• Patrick Gabrion

Man on a Mountain

For being 66 years old, I consider myself in fairly decent shape. After all, I've been cranking pretty hard on my bike pedals since August of 2000. Back then, it was the start of getting prepared for my 2002 solo ride from North Carolina to Texas in support of the Lance Armstrong Foundation. So yes, when it comes to cycling and walking, I feel fit as a fiddle.


I bring all this up, because I was just beaten to death by a mountain this past weekend. Come to find out — the hard way — the leg muscles I use to cruise on my bicycles for thousands of miles each season went "on vacation" when it came time to scale a 4,088-foot oversized hill.


On top of Bigelow Mountain's Avery Peak.

Scott, my oftentimes cycling partner, myself, and a group of four others set out on Saturday to climb Bigelow Mountain's Avery Peak, one of Maine's highest summits. To give you a little background, Bigelow is named after Major Timothy Bigelow, one of Colonel Benedict Arnold's four division commanders during the 1775 Invasion of Canada. He climbed it "for the purpose of observation."


And, indeed, the view from the top was spectacular. It was a clear day, with a refreshing breeze, offering us a great look at many of the state's other 4,000-footers, including the popular ski resort on Sugarloaf Mountain.


But I digress; back to my painful story. The going-up part wasn't the problem; the trail was strewn with rocks and laced heavily with exposed tree roots. The first 2.2 miles were a comfortable, gradual incline — a good warm-up. Then we hit the junction that hooks into the Appalachian Trail; yes, that well-known 2,200-mile path from Georgia to Maine. And up we went for two miles, over big boulders and more big boulders. I had to keep reminding myself to look up to see where I was going; if I didn't, I felt light-headed — the same thing that happens to me when I try reading in a moving vehicle.


But as I stated earlier, the ascent wasn't the issue. No catching my breath; my Garmin watch showed a steady heart rate in the 90s range. And again, the view from the top of Bigelow was priceless. We even chatted with a thru-hiker from Atlanta, Georgia, who was making her way south.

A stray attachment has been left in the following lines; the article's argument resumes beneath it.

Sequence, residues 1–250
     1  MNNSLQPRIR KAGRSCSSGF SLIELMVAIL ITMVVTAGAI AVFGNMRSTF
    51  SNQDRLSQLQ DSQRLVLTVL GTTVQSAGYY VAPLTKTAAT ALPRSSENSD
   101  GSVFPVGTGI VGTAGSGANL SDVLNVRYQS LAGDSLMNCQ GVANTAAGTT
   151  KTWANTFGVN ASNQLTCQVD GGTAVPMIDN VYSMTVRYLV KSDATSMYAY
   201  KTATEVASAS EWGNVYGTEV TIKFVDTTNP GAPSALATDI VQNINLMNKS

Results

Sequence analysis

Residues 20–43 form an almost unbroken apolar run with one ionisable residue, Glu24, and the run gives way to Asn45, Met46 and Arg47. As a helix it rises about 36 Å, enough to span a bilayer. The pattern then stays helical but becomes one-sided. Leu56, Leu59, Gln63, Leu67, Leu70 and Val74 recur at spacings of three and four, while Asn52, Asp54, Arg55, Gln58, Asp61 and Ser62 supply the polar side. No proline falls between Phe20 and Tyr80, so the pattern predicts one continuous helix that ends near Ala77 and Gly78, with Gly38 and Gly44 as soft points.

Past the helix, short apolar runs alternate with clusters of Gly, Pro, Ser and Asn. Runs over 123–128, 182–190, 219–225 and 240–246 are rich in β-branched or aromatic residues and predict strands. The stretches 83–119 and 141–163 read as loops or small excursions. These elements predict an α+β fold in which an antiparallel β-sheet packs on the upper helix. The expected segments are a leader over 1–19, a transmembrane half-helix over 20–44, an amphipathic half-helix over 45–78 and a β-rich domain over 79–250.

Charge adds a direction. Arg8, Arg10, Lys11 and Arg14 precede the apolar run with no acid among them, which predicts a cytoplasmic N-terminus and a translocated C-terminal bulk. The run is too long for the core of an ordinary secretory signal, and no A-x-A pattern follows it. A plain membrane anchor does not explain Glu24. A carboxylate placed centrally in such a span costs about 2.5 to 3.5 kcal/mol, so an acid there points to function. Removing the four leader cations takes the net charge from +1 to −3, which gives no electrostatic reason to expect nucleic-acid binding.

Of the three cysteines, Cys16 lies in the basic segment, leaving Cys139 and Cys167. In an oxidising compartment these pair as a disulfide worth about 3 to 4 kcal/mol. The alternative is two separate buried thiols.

After nearly a half hour of relaxation and a bit of food, the climb down got underway — the not so fun part. Basically, one had to take care with every step; mindful of not wanting to become an avalanche of flesh and bones. The threat of injury was accompanied by the threat of embarrassment — a double whammy. Also, those big boulders encountered on the way up were still there waiting for us on the way down. It wasn't a pretty sight; there's nothing graceful about scooting over a massive rock on one's backside just to keep from falling. But who cares? We all survived and nobody got hurt. That part came later.


To put things into perspective, here are some details on the day's climb. Our total elevation for the hike — up and down — was nearly 6,000 feet. The total distance was 8.5 miles and we covered it in just over six hours. That's roughly how long it took Scott and me to cycle 100 miles in the Pedal the Penobscot century ride two weeks prior. In fact, during the hike I remarked that I would rather ride 100 miles than do what I was doing at that moment.


Unfortunately, the unpleasant parts of the hike stayed with me for the next three days — in the form of screaming thigh muscles. Just walking was a chore, let alone trying to climb down any stairs. Working at the bike shop on Tuesday brought much humorous banter from my co-worker Alan over my uncomfortable situation; even to the point of mimicking my old-man shuffle on more than one occasion.


I ended up being off my bicycles for four days, which in itself was extremely painful. Especially since I'm closing in on 4,000 miles for the season. But I'm back on the saddle, and loving every minute of it.


So yes, the Bigelow Mountain experience was both good and bad. But I'd do it again in a minute, just because of the grand spectacle that awaits at the top. It was definitely worth the temporary ouches I endured.

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